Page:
CONSTRUCTION of the five-station Melbourne metro project has passed a milestone with the completion of boring of the two 9km tunnels.

The work required one of the new tunnels to pass just 1.5m beneath the existing City Loop line as trains continued to run, as well as boring 12m under the Yarra riverbed and around 7m below the Burnley tunnel.

Tunnel boring machine (TBM) Meg arrived at the Town Hall Station site 25m under Swanston and Collins streets, following Millie, Joan, and Alice, which broke through at the station over the past month. TBMs Millie and Alice began tunnelling in December to complete their final 1.8km leg under St Kilda Road and the Yarra River.

The TBMs have bored as deep as 40m below ground through basalt rock, gravel and silt and clay. After starting work progressively from August 2019, the TBMs tunnelled an average of 90m a week, with TBM Alice recording the best rate of 195m in a single week.

The machines have removed 600,000m3 of rock and soil, or around one third of the total 1.8 million m3 to be excavated for the entire project.

While the TBMs have finished the rail tunnels between the five stations, excavation for the city centre stations is still in progress.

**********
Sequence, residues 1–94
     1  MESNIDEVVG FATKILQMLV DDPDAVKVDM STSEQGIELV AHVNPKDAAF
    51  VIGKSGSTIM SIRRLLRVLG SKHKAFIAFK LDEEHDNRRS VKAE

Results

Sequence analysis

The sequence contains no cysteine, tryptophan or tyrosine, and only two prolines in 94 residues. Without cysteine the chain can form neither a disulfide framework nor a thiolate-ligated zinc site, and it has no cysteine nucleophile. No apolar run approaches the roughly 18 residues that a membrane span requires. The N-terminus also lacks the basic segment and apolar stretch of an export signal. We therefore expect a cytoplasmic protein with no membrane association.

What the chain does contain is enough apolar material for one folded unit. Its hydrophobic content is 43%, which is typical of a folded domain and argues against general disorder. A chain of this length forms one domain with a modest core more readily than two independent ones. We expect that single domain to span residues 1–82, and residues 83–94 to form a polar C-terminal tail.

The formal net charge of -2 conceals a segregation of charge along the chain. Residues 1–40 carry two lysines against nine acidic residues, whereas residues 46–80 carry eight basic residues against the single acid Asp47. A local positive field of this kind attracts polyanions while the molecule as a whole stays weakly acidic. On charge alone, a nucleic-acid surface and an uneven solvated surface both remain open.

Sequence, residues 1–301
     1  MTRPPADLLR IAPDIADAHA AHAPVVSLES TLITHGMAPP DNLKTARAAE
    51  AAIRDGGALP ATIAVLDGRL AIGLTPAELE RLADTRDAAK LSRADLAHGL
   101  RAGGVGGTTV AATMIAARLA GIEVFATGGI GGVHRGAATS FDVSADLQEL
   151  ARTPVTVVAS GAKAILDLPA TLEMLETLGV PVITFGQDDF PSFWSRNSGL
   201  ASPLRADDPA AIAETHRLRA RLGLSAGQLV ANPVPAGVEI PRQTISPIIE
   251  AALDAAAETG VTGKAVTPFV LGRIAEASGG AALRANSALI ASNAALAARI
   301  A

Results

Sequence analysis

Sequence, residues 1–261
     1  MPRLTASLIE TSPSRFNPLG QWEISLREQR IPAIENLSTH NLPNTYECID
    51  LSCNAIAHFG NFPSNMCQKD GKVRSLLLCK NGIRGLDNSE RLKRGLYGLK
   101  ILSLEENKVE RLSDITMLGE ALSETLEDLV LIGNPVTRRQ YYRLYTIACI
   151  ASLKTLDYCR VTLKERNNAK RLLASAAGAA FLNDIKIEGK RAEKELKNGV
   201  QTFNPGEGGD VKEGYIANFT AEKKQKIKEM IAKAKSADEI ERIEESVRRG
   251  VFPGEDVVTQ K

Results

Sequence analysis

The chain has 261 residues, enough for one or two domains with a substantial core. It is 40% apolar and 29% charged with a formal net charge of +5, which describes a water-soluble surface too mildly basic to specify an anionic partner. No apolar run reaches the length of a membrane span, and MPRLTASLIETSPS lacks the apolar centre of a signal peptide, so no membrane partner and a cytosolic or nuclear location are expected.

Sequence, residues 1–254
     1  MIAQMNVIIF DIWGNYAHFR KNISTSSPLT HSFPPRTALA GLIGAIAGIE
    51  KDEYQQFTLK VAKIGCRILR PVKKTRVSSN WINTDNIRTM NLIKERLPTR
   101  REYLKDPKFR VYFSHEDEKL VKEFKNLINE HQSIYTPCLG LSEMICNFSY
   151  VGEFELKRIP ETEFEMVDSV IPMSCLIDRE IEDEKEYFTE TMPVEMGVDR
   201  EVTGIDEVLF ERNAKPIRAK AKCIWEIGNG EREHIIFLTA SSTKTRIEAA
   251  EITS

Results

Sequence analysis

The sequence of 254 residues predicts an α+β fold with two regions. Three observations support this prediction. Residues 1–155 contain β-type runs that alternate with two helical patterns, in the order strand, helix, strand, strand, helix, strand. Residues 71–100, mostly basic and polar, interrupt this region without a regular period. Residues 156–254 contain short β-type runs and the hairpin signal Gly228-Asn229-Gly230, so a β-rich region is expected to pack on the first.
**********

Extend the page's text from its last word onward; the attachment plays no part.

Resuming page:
The four TBMs are being dismantled underground and retrieved, with the “skin” of each TBM shield to remain in the tunnels to form part of the permanent lining. The remaining components will be assessed for potential reuse on other tunnelling projects.

The metro tunnel will transform Melbourne’s rail network, deliver more trains to and from the suburbs and cut travel times by up to 50 minutes a day.

State minister for transport infrastructure, Ms Jacinta Allan, says the $A 14bn ($US 10.8bn) project is a year ahead of schedule. The project is being undertaken by a consortium comprising Lendlease, John Holland, Bouygues Construction, John Laing, and Capella Capital.

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